“And all the clouds that lour’d upon our house…”
The last time I was at the Globe (for Henry V), I made the mistake of mentioning that I had never actually been rained on whilst being a groundling. This time round, for the opening night of Richard III, we made it to the second half quite dry but then the heavens opened and I was forced to use my delightful yellow poncho whilst proved little respite against a rather heavy and sustained fall of rain which made me long for the hard comfort of the Globe’s (covered) seating. This Richard III is notable for seeing the return of Mark Rylance to the theatre where he was Artistic Director for 10 years where this all-male Original Practices-exploring company will also take on Twelfth Night later in the season and then transfer both to the West End.
Given the tragic news just last week of the death of his stepdaughter, it is hard to know what to say or how to pitch any comments about Rylance. Though it is probably close to heretical to admit it, I’m not actually that big a fan of him as an actor, having found him too dominant a presence on stages before for my liking at least, but given that for once this is actually a play where that is the intention, I was willing to give this a try. Using the types of costumes and props that would have been available in 1593, Rylance sports a false arm complete with teeny withered hand (I jested at the interval that this is him saying ‘look, I can even do Shakespeare with one arm behind my back…’) and a rather muted demeanour as he limps and shuffles around the stage.
His delivery prevails to the free-flowing conversational, almost stream-of-consciousness at times, which made it a different choice. It was one that took some getting used to, many in the audience found it extremely comical which jarred a little, and didn’t really convey the controlled deviousness one might have expected. But he does have a good line in crowd-whipping antics to shore up support for his coronation and brings the right note of irascible anger that flips on a dime. One can’t begin to imagine the herculean effort it must have taken to get through this week and any stutters and hesitations that there may have been – which given the style of delivery I’m not entirely sure weren’t all deliberate – can easily be forgiven.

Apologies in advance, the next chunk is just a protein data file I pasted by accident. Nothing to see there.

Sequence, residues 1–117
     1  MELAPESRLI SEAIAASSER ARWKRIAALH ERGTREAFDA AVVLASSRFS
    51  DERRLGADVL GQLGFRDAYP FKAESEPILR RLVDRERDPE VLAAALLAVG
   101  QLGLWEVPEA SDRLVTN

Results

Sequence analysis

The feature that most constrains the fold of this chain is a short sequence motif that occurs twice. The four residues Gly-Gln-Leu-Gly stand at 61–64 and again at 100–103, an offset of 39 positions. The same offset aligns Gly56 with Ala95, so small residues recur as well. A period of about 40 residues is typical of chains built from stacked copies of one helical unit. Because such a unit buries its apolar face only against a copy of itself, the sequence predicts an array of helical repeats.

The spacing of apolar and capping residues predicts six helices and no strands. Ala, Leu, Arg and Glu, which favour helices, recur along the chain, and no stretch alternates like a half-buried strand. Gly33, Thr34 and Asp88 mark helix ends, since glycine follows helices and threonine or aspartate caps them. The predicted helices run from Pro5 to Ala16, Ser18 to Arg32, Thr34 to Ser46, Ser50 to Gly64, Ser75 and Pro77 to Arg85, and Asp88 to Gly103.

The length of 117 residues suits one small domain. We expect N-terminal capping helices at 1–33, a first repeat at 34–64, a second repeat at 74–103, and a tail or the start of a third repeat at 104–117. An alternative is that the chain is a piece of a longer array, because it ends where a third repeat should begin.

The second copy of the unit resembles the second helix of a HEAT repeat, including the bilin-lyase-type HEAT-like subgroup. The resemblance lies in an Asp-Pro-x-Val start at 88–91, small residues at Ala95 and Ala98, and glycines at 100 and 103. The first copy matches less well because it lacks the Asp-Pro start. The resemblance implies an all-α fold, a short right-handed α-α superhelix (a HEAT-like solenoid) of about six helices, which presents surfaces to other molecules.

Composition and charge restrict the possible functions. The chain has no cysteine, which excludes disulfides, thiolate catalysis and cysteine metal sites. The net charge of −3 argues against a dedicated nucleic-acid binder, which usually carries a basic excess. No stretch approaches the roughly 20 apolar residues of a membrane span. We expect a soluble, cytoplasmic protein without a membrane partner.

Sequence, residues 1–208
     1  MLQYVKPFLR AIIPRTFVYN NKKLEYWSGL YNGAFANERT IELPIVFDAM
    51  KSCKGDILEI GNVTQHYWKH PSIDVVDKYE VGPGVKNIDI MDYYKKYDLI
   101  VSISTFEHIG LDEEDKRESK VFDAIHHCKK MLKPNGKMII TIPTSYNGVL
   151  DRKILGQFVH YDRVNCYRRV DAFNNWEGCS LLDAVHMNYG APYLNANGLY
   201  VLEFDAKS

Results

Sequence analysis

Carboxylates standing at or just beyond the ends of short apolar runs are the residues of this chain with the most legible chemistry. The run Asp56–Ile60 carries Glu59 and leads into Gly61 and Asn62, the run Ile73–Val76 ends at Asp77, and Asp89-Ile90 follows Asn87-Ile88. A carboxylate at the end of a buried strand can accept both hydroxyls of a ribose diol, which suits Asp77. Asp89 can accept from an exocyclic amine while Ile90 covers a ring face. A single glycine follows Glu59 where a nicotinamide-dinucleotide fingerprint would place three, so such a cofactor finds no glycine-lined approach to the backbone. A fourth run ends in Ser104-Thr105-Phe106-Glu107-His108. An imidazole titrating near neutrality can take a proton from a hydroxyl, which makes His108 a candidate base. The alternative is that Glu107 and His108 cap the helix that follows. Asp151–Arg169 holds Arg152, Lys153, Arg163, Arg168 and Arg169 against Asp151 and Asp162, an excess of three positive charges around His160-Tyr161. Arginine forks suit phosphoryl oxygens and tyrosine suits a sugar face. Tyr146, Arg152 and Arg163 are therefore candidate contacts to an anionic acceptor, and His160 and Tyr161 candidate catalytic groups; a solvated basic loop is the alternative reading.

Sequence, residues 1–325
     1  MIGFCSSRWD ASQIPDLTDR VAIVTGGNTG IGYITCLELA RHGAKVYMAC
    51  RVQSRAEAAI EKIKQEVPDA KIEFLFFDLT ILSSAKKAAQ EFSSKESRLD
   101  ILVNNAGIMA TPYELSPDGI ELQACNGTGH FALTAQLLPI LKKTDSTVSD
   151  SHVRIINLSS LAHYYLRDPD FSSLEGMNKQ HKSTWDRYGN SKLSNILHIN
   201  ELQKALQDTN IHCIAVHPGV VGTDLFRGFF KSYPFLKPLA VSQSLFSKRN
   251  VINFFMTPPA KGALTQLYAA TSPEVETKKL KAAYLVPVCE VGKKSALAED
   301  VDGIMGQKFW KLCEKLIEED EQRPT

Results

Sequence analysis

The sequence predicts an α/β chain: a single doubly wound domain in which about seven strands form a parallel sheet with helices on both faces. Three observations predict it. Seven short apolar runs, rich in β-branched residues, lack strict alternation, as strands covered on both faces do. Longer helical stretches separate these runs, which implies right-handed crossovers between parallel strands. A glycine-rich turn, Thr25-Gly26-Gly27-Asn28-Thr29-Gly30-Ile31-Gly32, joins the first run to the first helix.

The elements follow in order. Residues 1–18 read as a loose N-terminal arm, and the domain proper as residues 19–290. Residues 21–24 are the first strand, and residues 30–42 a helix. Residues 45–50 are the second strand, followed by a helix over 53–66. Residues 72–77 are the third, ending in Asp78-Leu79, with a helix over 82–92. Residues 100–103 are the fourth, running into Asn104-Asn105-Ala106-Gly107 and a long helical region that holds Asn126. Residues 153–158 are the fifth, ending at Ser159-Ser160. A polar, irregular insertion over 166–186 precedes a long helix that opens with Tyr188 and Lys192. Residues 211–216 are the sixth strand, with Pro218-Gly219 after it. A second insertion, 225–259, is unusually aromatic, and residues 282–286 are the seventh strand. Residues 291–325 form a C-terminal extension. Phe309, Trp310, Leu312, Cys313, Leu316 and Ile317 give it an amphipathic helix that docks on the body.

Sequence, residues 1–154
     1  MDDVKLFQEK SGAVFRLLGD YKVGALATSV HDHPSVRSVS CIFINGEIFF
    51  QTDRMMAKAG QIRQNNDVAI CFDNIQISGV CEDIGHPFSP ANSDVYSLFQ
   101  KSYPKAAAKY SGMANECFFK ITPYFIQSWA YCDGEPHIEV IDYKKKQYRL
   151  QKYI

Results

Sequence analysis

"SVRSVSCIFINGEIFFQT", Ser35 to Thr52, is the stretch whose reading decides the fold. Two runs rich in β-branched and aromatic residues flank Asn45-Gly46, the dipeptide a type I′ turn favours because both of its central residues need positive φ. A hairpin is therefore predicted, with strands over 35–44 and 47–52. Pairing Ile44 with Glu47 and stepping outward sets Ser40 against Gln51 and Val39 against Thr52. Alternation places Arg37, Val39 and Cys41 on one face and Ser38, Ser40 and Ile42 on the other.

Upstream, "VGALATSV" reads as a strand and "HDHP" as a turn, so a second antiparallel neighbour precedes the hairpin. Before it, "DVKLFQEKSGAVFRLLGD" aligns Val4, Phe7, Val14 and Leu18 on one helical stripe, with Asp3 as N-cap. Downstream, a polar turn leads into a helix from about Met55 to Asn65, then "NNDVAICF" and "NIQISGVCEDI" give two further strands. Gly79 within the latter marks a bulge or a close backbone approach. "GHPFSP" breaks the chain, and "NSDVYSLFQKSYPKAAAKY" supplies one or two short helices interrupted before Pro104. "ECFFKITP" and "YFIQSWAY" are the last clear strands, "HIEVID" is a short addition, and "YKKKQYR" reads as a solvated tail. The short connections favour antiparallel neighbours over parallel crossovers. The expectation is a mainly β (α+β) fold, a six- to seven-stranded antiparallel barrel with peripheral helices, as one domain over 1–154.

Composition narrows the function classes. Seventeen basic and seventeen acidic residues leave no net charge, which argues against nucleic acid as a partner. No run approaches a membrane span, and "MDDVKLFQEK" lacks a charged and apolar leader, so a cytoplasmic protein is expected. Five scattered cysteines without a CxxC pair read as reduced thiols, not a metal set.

But it isn’t a one-man show by any means and there’s much interesting work around him in which some elements work beautifully. Liam Brennan’s Clarence is just masterful, exquisitely spoken and adroitly judged in his earnestness; Samuel Barnett’s measured Queen Elizabeth is a tightly controlled ball of seething emotion which erupts memorably at an intriguing moment, and John Paul Connelly and Jethro Skinner make an entertaining pair of murderers. I also liked the casting of the more-or-less appropriately youthful Lorenzo Allchurch/Dylan Standen as the Duke of York and Austin Moulton/Shanu Hazzan as the Prince of Wales (not sure who we got) though someone should have a word with Barnett about the clothes picked for his young princes.
Elsewhere choices weren’t quite as strong: Johnny Flynn’s Lady Anne feels really uncomfortable in his vocal delivery and carriage, Paul Chahidi’s Tyrell is nowhere near malevolent enough and Colin Hurley’s wheezing King Edward feels overdone. And with the excision of the role of Margaret (though some of her lines are incorporated elsewhere, Elizabeth gets some in the second half for instance), there’s not quite the sense of impending doom, of cursed darkness stealing into Richard’s hermetic world and foretelling his downfall. Part of this comes from the audience’s willingness to laugh at almost anything regardless of what is actually meant, but also from Carroll’s direction which I think needs to rein in some of this broadness.
Globe productions are what they are though, the sense of humour here will always be different to mine, and this is undoubtedly a Richard III which feels suited to the space. For me this doesn’t come anywhere near to Propeller’s incendiary reinterpretation of the play – but then I suspect nothing ever will – and this also lacks the fierceness of all the women that the Bridge Project brought across so powerfully. That said, aspects of my misgivings could well improve and indeed some might be fine with it as it is, and Rylance’s performance will undoubtedly mature as time passes to make this a hot ticket in a damp summer.